Despite the housing crash and the Great Recession, TV viewers never seem to get tired of home design shows. Whether it’s the need for escapism or just the fun of checking out a new TV show, these home makeover programs, and their colorful designer stars, keep audiences tuning in.
The Property Brothers
Putting a family spin on the design show concept, HGTV began airing the The Property Brothers in 2011. The Scott brothers – Jonathan, a licensed contractor, and Drew, a real estate agent – try to convince potential homebuyers to purchase one of three extreme low-cost fixer-uppers. They make their case using computer graphics to demonstrate how their upgrades will meet the home buyers’ often extravagant needs and wants. Once a house is selected, the brothers then transform it into a dream home, usually on time and within budget.
Love It Or List It
Following a similar idea, but with a twist, HGTV began airing Love It or List It, a real estate/design show that asks unhappy homeowners whether they want to sell or renovate their houses. Married couple David Visentin, a realtor, and Hilary Farr, a designer, wage war with each other as Visentin tries to convince the homeowners to sell their house and Farr begins remodeling their house in hopes of convincing the owners to stay put. It’s a win-win for the guest couple because if they choose to sell, the renovations increase the their house’s resale value.
Top Chicago designer Meg Caswell won the sixth season of HGTV’s Design Star competition and then moved seamlessly into hosting her own new TV show, Great Rooms. Focusing on living rooms and kitchens, Caswell turns boring rooms into flashy, comfortable, state-of-the-art show rooms. Having studied criminology in college, Caswell uses her detective skills to help clients determine their design preferences. The result is a beautiful home that matches the owner’s personality with a mix of traditional and modern design elements.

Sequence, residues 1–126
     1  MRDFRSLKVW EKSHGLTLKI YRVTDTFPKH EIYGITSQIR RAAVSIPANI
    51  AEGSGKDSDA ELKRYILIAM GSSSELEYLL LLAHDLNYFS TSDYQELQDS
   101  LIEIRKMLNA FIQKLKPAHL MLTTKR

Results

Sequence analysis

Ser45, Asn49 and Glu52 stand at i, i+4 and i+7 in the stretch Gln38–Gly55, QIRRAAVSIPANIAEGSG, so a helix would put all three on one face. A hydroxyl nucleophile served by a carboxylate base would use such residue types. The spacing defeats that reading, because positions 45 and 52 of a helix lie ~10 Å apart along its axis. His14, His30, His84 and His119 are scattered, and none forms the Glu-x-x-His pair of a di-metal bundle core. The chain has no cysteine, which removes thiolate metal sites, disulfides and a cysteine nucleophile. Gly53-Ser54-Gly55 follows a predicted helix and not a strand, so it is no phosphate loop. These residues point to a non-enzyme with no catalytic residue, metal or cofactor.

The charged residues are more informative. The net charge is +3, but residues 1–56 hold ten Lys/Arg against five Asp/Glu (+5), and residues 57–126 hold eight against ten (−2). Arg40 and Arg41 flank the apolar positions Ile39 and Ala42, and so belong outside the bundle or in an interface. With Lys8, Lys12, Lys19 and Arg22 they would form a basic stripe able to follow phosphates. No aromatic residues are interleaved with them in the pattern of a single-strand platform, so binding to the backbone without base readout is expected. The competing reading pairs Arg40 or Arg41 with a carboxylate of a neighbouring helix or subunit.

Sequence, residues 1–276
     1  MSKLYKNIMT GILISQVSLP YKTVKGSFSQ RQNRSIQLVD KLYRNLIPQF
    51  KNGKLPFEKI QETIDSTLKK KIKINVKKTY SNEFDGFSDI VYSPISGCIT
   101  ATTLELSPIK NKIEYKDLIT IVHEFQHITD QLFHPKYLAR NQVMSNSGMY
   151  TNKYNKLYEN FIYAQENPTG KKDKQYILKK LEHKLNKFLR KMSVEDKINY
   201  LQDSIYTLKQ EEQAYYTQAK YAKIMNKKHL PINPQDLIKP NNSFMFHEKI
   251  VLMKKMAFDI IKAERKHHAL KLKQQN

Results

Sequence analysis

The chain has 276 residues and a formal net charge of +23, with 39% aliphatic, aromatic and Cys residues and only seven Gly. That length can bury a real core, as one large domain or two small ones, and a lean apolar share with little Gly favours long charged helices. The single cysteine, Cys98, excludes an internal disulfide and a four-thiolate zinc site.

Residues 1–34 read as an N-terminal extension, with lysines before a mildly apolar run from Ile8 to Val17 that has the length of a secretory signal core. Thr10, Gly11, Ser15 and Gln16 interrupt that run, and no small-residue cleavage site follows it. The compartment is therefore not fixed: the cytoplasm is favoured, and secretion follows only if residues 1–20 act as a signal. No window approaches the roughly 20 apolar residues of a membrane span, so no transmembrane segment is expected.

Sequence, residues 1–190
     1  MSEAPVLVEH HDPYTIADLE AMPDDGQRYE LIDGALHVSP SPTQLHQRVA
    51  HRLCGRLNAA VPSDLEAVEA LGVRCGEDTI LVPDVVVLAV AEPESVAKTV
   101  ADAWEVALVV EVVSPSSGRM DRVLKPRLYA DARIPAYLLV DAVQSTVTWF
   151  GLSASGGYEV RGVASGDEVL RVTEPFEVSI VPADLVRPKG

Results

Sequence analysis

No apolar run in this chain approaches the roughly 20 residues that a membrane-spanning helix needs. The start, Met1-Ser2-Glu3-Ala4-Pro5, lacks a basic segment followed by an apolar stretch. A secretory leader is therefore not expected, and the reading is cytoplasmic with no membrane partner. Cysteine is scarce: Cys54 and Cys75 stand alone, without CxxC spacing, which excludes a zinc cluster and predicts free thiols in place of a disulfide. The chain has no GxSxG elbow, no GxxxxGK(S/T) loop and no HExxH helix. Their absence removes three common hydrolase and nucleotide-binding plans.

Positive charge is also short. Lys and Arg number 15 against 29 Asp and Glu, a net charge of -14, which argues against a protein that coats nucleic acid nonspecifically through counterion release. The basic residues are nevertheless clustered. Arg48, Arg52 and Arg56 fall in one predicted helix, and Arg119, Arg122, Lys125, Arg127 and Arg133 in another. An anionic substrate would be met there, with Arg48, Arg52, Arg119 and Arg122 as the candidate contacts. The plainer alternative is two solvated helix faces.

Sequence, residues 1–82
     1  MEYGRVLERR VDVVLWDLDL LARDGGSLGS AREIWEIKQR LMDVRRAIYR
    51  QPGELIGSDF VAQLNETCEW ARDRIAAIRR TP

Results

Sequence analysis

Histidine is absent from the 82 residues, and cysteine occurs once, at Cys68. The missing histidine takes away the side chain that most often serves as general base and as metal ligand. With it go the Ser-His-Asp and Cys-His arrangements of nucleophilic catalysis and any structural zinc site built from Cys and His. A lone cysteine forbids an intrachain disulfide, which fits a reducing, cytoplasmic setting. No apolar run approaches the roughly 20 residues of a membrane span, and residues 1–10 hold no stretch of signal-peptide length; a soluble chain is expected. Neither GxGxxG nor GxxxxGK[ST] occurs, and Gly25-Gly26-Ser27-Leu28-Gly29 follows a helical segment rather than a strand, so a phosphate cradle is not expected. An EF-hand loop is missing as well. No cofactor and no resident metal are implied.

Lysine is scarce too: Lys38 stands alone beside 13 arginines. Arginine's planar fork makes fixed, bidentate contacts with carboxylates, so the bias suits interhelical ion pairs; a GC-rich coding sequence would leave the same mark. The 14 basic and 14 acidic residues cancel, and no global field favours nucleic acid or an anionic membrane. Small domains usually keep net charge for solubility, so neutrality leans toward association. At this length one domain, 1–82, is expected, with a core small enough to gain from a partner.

Million Dollar Decorators
Bravo shines a light on the extravagant side of design with Million Dollar Decorators, a show that focuses on A-list celebrities and the eccentricities of glitzy Los Angeles. The soul of the series is its four award-winning star designers, all published authors in demand by celebrities and power brokers around the world. Named one of The Hollywood Reporter’s most-wanted decorators, Jeffrey Alan Marks is known for his fun and colorful design style. Former actress Kathryn Ireland, one of House Beautiful’s Top 100 Designers in the United States, promotes a family friendly, bohemian style. One of Architectural Digest’s top 100 interior designers in the world, Martyn Lawrence Bullard’s calling card is his sophisticated yet eclectic approach to design. Mary McDonald, also one of House Beautiful’s Top 100 Designers, brings old-world elegance to this show of big budgets and big personalities.
TLC Four Houses
Based on the same premise as its hit series, Four Weddings, TLC’s new TV show, Four Houses, brings good and bad taste together in a four-house design critique. In each episode, four homeowners tour each other’s houses, offering their unvarnished opinions about design and decor. Each participant rates each house, and in the end, the owner with the highest rated house wins $10,000 and a possible magazine spread in Better Homes and Gardens. This is a design show about voyeurism, drama and golden toilets.